Wattage (power) and driver size are most important when we’re talking about subwoofers. We’ll get to driver size in the next article. For now, let’s talk watts.
Once you have acquired some knowledge of the subject, you know that this figure does not mean much, at least not if it applies to an ordinary subwoofer, and especially if it is supposed to reflect the volume of the music you can listen to in your living room.
Subwoofer wattage is like horsepower in a car. What really matters is how you package and receive it. It has turned into such a gimmicky marketing term, it’s like knowing one small part of the equation, and without knowing the full equation, it’s not really useful at all.
Does wattage impact the loudness and clearness of a subwoofer? When buying, do we just look for the highest-rated sub in terms of wattage in our budget? How many watts make a good woofer?
How many watts is a good subwoofer?
In the field of subwoofers, few values are as associated with nonsense, half-truths, and other scams as performance expressed solely in a number of watts. Indeed, the volume and quality of your favorite music have nothing to do with the flashy figures of the brochures or boring technical sheets. A small foray through the mazes of watts and sound volumes.
The best wattage for a small-room subwoofer is between 100 and 300 watts. Most homeowners find 100 watts sufficient enough. A subwoofer for larger rooms can be 400 watts or 600 watts. For high-end subwoofers, the standard is over 1000 watts.
I looked for the best woofers from the most prominent subwoofer brands on the market to get a picture of average wattage. Here’s the average wattage by size:
Average subwoofer wattage
|8″||100w||Yamaha 8″ 100W Powered Subwoofer|
|10″||300w||Klipsch Reference R-10SW 10″|
|12″||450w||Polk Audio PSW505 12″ Powered Subwoofer|
|15-16″||1500w||SVS PB16-Ultra 1500 Watt 16″ Ported Cabinet Subwoofer|
The sub amplifier wattage is only one spec of the whole system. Two subwoofers rated for the same wattage could be very different because of how sensitive the drivers are, how large they are, how large the enclosure is, what it’s tuned for, etc. The measurement of the full system is what’s more important in comparison, especially in extension and output.
Different organizations establish the norms for subwoofer power handling ratings. These organizations include Electronics Industries Alliance, the Audio Engineering Society, and the International Electrotechnical Commission. The different rating criteria confuse people, so most folks don’t understand watts in subs.
- The performance of a subwoofer is measured in watts.
- The amplifier provides the subwoofer with the necessary power.
- In audio systems, Watt-RMS is sometimes specified in addition to output power.
- The watt specification for subwoofers always refers to their load capacity.
- The load capacity of the subwoofers and the performance of the amplifier should always be matched.
Watts and loudness in subwoofers
Wattage hasn’t got much in common with loudness – particularly in the last 5-10 years when it’s just a number listed by the subwoofer manufacturers who are essentially straight-up lying to persuade uneducated customers that the higher the listed wattage, the louder the sub.
Sensitivity, layout, build, and straight-up truthful numbers are more important to loudness than wattage.
When I was selling subwoofers, people were afraid of buying subs with a big number of watts. Today I get the same questions from my friends and acquaintances that show the same thought process. They all think that subs with more watts are louder. And that’s WRONG!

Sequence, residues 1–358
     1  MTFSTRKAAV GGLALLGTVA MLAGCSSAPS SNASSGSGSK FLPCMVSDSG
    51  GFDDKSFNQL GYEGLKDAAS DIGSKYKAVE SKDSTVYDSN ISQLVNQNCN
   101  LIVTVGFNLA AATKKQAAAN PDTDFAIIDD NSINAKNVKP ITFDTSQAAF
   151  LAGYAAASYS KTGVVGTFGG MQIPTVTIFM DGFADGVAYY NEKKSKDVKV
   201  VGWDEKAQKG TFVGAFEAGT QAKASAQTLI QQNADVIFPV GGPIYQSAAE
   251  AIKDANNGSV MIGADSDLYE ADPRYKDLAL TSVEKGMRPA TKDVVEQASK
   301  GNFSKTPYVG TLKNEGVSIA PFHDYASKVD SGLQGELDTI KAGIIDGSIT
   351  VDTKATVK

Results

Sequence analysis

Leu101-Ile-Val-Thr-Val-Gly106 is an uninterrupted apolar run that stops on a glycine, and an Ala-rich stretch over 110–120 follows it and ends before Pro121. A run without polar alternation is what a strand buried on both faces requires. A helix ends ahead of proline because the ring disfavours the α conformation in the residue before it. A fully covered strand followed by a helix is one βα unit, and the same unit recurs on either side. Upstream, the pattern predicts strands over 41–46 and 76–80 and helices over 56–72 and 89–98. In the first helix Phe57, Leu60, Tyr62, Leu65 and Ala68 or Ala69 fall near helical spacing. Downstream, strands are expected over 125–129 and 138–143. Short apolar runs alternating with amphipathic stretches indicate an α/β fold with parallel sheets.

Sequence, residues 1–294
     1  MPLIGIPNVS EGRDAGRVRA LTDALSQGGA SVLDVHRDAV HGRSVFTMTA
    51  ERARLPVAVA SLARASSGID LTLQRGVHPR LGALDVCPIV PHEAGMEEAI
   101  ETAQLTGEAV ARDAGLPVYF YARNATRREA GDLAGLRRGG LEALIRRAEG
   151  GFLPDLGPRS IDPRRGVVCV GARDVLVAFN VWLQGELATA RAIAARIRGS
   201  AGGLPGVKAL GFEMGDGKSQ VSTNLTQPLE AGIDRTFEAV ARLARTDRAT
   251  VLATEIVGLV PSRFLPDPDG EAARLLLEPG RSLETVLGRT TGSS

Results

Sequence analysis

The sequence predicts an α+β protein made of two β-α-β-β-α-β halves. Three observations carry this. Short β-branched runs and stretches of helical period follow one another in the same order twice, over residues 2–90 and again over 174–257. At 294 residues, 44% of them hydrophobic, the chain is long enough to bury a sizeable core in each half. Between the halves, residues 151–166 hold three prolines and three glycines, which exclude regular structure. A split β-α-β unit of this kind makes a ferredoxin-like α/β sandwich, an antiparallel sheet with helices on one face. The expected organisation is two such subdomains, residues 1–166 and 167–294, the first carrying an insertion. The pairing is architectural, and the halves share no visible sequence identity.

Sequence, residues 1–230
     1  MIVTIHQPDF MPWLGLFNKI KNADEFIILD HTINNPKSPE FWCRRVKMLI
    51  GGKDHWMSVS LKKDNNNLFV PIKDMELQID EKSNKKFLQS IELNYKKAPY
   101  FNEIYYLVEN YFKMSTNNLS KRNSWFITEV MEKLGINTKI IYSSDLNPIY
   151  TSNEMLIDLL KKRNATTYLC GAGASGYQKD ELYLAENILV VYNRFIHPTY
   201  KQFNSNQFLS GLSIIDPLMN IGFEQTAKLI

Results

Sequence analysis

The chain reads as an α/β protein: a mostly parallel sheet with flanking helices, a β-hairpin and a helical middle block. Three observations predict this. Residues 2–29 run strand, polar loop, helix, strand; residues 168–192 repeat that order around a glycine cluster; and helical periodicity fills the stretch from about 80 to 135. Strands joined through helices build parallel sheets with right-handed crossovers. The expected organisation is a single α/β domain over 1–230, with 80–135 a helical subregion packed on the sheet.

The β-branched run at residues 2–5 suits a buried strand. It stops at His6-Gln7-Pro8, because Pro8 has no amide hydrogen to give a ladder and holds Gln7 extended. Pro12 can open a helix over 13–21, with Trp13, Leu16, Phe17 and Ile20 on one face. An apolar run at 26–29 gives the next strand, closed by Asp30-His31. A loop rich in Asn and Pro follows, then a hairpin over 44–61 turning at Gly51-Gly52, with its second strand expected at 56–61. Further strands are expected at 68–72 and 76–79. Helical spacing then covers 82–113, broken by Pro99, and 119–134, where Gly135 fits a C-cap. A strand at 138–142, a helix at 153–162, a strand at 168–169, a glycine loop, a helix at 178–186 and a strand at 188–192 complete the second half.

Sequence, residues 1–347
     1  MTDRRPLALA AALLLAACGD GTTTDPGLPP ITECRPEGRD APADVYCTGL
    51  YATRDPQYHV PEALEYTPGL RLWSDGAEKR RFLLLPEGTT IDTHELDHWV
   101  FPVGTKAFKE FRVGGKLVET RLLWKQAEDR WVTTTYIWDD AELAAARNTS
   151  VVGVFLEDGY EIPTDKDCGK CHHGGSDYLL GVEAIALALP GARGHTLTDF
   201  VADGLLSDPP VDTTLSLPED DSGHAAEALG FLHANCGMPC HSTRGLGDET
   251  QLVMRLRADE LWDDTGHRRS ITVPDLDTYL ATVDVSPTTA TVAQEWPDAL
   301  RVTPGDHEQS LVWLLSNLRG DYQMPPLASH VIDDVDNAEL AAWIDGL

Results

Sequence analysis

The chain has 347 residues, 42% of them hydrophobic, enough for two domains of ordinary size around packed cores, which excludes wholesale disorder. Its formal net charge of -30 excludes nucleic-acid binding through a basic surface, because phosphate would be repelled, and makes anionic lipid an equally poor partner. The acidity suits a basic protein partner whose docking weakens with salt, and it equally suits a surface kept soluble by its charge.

What’s crucial is that a 500-watt sub isn’t necessarily louder than a 200-watt sub.
If you just want an idea of how loud a subwoofer is by its wattage, assume that almost anything under 100 watts is best used for bedroom listening and small spaces. 100 to 300 watts should be good for small to medium-sized rooms. 300 on up should be good for larger rooms or open-concept spaces.
Regarding the listed specs, it would be best to concentrate on Max SPL – which is measured in decibels.
The decibel system is based on units of 10 which means that one decibel is the amount of noise the human ear can detect, and every ten decibels is twice as loud.
I recently got a master’s degree in acoustical design, and one of the main questions I got from my friends who are into listening to music and/or having a home theater is, “what’s better, 1 large or 2 small subwoofers?”. In the linked article I explained all you need to know.
90db is twice as loud as 80db, and 80db is four times louder than 40db.
The relation between wattage in a subwoofer amp and decibels is not linear. We need ten times the wattage to reach a 10 dB gain, which is twice as loud. Doubling the watts is approximately a 3 dB gain. A 1000-watt sub is only twice as loud as a 100w sub if everything else is the same.
Wattage is basically a measurement of heat. The output wattage is frequently used to explain how loud a sub is because it measures the power that it is putting out.
You also need to look at RMS (continuous) power – the true power that a subwoofer can handle or a power amp can deliver. Then there’s practically insignificant Peak power.
Unfortunately, stores like to lie about the RMS performance and promise much higher wattage than the power amplifier can really handle or the subwoofer can really handle.
For example, I tested and compared SVS SB-3000 vs. SB-4000 to give you the most accurate comparison of these two series. These are the rare subs where manufacturers don’t lie about RMS.
Even those listed by the manufacturers are twisted and not real-world numbers – they are frequently calculated “theoretical” numbers.
Partying in your home and cranking the subwoofer as loud as it will go with a dB meter will give you a more reasonable idea about the loudness of the subwoofer than the listed wattage.